Suʻifefiloi: A Samoan Methodology for Transdisciplinary Theorising in Cosmopolitan Worlds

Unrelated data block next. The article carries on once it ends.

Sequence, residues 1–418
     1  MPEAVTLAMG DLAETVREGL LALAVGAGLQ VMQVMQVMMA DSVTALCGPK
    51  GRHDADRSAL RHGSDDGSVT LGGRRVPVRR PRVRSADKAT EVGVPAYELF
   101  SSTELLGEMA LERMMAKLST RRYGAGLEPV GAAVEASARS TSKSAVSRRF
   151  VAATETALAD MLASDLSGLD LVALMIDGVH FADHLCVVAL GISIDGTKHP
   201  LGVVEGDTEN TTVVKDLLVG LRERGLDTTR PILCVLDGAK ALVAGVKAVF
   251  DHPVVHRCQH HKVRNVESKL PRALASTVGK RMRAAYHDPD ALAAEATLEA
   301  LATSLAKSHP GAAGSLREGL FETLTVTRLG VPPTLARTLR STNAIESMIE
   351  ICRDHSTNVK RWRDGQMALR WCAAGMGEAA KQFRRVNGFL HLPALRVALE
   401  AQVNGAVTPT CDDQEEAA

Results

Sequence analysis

As universities make moves toward transdisciplinary research, suʻifefiloi, the Samoan practice of sewing different parts together, offers a culturally grounded research methodology for transdisciplinary theorising by Pacific scholars. Pacific transdisciplinary actors working on theory within the cosmopolitan context requires, as Gordon writes, a willingness to go beyond discipline areas to produce knowledge. Theory work, as this paper argues, requires transdisciplinarity and a willingness to go beyond one’s discipline area to extend knowledge. Working with Tuhiwai Smith’s assertion on the importance of theory, this paper discusses the usefulness of suʻifefiloi in recent turns to transdisciplinarity.
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